Children in Austria are to learn English from the age of six instead of nine, in a minor revolution that is toppling German as the country's main language of instruction.
English is to be increasingly used in secondary schools as the main language for teaching mainstream subjects ranging from maths to biology.
Already core subjects are being taught in English at select Vienna state schools in an initiative launched this term. While most Austrian schools have English language courses, it is the first time that other parts of the curriculum at state-funded schools have been taught in English.
"Germany has lost its monopoly as the language of instruction," said Kurt Scholz, Vienna's city councillor for education.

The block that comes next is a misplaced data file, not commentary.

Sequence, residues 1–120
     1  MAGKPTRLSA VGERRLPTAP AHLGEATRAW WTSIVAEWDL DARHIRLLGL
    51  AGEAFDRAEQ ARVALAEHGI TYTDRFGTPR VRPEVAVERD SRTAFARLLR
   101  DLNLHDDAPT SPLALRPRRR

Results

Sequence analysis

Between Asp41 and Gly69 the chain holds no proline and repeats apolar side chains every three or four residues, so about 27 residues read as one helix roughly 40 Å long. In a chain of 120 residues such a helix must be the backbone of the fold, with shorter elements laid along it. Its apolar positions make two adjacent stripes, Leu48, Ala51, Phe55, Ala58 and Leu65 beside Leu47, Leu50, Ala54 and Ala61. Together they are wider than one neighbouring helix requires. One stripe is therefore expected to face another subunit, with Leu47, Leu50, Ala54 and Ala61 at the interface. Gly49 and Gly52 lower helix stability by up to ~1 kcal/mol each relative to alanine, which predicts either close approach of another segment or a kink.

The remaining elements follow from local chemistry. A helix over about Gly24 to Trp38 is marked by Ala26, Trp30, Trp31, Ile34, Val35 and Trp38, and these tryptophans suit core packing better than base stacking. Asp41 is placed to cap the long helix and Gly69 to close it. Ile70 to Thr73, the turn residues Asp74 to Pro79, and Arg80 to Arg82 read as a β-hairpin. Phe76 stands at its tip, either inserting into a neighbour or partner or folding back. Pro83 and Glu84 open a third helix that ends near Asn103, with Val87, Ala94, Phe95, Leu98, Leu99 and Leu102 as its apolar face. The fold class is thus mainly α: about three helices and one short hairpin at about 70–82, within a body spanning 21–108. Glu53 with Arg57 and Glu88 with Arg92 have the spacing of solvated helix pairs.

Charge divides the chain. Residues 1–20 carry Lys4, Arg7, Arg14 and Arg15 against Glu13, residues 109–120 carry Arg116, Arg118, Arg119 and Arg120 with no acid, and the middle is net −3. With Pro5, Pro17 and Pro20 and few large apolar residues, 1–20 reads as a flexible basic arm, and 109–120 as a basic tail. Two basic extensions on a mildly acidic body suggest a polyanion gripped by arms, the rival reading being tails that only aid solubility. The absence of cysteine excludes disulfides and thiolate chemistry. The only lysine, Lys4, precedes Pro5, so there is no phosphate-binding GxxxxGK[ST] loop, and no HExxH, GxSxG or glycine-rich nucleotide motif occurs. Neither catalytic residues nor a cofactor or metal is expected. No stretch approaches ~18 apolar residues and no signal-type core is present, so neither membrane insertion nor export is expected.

He cited people's increased mobility and the globalisation of the world economy as reasons for the change. Students can choose to take subjects such as history, maths and biology with instruction in both languages, with native German and English-speaking instructors teaching in tandem, while other subjects, such as the arts or literature, can be taken in English or German.
According to Elisabeth Gehrer, the country's education minister, primary schools and teachers will be given five years to adjust to the change. She said that by 2003, all six-year-olds will be learning English, although she admitted there had been difficulties in recruiting teachers in England for the job.